With milk quotas just weeks away from being abolished, President of the Irish Cattle and Sheep Association Patrick Kent has said that now is the time for drystock farmers to take stock.
Speaking at the official opening of the Glanbia nutritional ingredients facility at Belview, Kent asked if beef and sheep farmers should continue with loss-making enterprises or should they look at collaborating with dairy farms through partnerships or contract rearing?
“The ending of quotas means a levelling of the playing field, which will provide opportunities for expansion and new entrants into dairying.
“This will be a positive thing for many but there are also risks. Income volatility in dairying carries a serious risk for the new generation of dairy farmers, especially those with high levels of borrowing,” the ICSA president warned.
According to Kent all drystock farmers should re-examine their future plans.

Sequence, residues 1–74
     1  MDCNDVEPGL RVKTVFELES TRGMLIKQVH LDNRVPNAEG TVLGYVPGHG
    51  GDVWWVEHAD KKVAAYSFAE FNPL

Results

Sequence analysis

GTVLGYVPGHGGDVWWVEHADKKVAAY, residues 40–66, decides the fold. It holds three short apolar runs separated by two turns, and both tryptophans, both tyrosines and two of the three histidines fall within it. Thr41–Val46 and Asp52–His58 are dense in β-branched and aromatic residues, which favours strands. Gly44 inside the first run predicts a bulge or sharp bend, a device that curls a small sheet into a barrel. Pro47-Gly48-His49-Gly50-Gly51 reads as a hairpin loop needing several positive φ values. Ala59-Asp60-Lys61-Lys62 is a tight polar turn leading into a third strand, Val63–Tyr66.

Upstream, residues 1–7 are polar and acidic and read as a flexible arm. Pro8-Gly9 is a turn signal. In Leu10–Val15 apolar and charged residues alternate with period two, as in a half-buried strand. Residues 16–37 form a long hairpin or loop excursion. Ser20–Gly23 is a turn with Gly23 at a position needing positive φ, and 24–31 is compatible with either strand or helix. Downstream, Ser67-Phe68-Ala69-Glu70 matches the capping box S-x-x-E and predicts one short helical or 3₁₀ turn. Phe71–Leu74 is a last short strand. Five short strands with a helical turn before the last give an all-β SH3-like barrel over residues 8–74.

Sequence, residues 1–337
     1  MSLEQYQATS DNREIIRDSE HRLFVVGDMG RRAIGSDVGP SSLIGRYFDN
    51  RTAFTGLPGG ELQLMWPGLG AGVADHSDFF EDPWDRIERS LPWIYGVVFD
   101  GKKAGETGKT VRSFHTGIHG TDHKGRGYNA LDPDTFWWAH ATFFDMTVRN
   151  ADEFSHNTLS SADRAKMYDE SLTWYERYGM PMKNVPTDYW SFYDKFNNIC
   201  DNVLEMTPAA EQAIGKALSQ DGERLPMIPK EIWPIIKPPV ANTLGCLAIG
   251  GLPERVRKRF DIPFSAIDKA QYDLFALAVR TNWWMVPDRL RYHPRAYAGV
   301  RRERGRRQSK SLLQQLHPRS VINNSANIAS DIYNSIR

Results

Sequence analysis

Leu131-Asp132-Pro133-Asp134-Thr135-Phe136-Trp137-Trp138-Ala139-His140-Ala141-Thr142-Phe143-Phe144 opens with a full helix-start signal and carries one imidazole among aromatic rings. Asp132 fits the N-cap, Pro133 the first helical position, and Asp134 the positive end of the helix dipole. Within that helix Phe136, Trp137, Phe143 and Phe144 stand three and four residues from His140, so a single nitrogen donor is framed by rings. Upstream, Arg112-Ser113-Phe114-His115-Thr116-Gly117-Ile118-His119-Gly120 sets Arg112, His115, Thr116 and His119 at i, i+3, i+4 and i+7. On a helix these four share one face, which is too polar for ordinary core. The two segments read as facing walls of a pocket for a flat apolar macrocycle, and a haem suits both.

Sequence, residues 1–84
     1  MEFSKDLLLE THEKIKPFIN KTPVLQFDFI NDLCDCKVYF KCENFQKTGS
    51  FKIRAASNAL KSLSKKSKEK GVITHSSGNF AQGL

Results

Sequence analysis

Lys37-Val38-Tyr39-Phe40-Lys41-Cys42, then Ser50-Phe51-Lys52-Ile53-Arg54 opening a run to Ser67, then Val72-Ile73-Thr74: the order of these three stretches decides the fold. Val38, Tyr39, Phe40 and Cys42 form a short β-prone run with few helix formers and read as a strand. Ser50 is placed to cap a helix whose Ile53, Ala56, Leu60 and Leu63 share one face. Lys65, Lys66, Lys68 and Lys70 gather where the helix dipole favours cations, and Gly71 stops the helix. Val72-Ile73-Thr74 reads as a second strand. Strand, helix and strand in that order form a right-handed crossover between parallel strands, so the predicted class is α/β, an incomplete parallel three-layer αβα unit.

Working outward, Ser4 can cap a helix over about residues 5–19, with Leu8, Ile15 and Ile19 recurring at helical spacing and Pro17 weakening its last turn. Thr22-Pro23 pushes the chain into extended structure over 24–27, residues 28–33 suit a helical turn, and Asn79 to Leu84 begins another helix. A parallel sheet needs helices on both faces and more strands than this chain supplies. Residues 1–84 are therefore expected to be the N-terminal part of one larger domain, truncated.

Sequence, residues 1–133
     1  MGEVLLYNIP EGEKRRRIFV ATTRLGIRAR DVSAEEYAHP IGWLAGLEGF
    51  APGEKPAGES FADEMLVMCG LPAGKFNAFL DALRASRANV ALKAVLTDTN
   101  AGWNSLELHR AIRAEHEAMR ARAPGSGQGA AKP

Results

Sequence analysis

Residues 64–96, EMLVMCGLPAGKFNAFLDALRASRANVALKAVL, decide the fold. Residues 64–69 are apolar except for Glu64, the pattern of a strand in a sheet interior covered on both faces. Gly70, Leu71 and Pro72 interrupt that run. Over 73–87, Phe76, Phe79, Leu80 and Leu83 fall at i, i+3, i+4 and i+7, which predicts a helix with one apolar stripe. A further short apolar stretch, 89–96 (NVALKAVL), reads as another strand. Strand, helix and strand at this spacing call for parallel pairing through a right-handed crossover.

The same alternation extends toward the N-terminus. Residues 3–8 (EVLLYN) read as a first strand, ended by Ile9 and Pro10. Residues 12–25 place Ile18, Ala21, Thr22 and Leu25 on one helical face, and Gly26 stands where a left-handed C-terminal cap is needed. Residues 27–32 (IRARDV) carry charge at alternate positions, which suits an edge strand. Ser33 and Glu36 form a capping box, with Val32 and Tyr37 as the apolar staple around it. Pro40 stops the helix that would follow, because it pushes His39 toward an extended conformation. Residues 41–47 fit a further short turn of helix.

“We have seen how meat factories and retailers have consistently failed to deliver a viable living for cattle and sheep farmers,” he said.
The ICSA President said that the removal of milk quotas was undoubtedly one of the most significant moments in Irish agriculture since EU entry in 1973.
“ICSA was the first farm organisation to call for a freeing-up of the milk quota system almost ten years ago, when we argued that it was no longer acceptable that the sons and daughters of cattle and sheep farmers could not aspire to entering dairying,” Kent said.
Milk quotas, he said, represented the single greatest source of inequality in Irish agriculture and certainly drove a whole generation of young farmers away from full-time farming.